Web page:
While the prospect of claiming an Olympic Games medal has brought some late excitement for Kaliese Spencer-Carter, MVP Track Club president Bruce James says that she, as well as the team, remain cautious. They will await the final outcome of the case which affects that 2012 Olympic 400m hurdles final.
His comments come as Natalya Antyukh, who won the title in London had her results from July 2012 through to June 2013 expunged because of an Athletics Integrity Unit (AIU) ruling released yesterday banning her for the use of a prohibited substance or method based on database evidence. It was during the same period that she won that 400m hurdles title ahead of American Lashinda Demus. Spencer finished fourth in that final in a season’s best time of 53.66 seconds and she could be upgraded to a bronze medal. A reallocation of medals would mean Demus would be upgraded to gold while third-place finisher, Czech Republic’s Zuzana Hejnova, would move up from bronze to silver.
If there is no appeal, the AIU’s ruling will become final after 45 days. The AIU will then notify both the World Athletics Competition Department and the International Olympic Committee so they can proceed with the disqualification of the athlete’s results.
With the case eligible for appeal, James said that Spencer-Carter was looking forward to the conclusion to see if the reallocation of the medals will take place.
“I spoke with her earlier (yesterday) and she is looking forward to the net result of this so she’ll know whether or not she will be awarded the Olympic medal,” James told The Gleaner. Spencer-Carter’s only outdoor individual title was at the 2014 Commonwealth Games in Glasgow, Scotland. Although she has managed to amass medals at both indoor and outdoor circuits, James did not understate how much the potential Olympic upgrade would mean to Spencer-Carter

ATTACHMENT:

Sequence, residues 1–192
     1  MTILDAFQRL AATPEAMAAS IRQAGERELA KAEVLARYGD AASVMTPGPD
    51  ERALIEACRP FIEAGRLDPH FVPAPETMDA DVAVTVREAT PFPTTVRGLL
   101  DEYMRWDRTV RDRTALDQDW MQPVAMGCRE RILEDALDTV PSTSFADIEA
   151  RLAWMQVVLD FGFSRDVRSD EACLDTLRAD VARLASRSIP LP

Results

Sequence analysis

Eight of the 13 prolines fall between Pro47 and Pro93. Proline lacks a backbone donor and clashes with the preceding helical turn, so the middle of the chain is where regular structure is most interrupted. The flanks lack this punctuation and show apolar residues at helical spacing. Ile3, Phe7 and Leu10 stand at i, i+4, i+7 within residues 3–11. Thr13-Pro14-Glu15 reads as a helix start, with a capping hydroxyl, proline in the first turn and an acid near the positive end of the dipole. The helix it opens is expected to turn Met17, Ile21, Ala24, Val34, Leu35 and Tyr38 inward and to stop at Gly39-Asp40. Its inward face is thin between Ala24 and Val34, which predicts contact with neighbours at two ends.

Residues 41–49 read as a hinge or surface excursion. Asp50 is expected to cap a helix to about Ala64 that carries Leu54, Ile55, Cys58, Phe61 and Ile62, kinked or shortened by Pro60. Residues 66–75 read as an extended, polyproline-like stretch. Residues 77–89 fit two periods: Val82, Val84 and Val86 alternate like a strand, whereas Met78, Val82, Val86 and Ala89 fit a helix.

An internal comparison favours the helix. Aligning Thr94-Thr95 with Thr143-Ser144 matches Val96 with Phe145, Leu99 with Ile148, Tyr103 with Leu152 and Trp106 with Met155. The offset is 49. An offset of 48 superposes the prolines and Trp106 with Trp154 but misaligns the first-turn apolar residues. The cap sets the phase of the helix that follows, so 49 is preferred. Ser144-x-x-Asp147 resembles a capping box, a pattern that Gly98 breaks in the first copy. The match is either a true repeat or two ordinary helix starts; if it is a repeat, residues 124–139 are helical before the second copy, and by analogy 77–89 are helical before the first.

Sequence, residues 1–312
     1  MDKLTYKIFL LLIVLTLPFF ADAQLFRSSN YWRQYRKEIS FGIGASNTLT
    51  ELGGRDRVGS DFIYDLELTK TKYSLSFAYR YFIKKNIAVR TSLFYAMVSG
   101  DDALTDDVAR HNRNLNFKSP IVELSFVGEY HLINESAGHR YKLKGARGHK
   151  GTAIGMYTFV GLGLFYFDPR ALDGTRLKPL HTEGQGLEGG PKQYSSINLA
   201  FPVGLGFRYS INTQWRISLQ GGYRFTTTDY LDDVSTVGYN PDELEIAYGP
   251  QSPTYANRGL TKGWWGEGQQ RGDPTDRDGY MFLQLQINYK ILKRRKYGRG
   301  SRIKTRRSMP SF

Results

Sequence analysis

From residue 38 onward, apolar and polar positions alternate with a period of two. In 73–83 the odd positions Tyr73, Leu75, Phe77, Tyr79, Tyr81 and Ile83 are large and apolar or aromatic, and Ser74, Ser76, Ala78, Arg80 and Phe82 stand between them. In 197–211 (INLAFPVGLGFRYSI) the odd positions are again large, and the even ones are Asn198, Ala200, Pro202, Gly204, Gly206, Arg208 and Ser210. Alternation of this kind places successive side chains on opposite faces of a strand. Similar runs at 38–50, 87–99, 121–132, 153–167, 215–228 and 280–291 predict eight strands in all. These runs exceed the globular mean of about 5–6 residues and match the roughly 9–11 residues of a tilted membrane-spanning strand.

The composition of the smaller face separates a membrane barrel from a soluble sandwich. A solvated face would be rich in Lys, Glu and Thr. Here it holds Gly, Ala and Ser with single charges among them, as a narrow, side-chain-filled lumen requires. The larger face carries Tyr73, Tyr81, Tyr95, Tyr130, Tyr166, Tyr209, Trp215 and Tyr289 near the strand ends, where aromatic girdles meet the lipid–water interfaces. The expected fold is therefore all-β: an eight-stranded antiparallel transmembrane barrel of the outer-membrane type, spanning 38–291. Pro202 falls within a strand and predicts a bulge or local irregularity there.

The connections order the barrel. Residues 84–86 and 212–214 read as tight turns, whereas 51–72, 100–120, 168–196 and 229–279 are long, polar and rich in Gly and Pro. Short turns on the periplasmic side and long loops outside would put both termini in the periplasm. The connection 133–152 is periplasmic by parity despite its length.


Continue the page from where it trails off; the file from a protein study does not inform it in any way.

“An Olympic medal is always very special. We will wait and see how that goes but she has won medals globally before. She is excited at the prospect and we will wait to see what the result is,” James said.
Antyukh is already serving a four-year ban because of a doping case related to evidence from the 2016 McLaren report on Russian doping with her results from July 2013 through December 2015 also stripped.
In a 2020 interview with The Gleaner in the aftermath of the McLaren report, Spencer-Carter expressed what it would mean to her should the AIU’s decision rule in her favour.
“I am a strong believer in fair play. With that in mind, I would be overly ecstatic if the system works accurately and deemed me to be the winner of the 2012 Olympic bronze medal in my discipline (women’s 400m hurdles),” Spencer-Carter said “After all, this would have been my ultimate goal from the beginning of my athletic career; and though a verdict has not been reached, and I am not celebrating in another athlete’s possible downfall, just to know that after eight years the possibility is there that I would have achieved such is truly a blessing in my eyes.”
Read More: Spencer-Carter awaits final ruling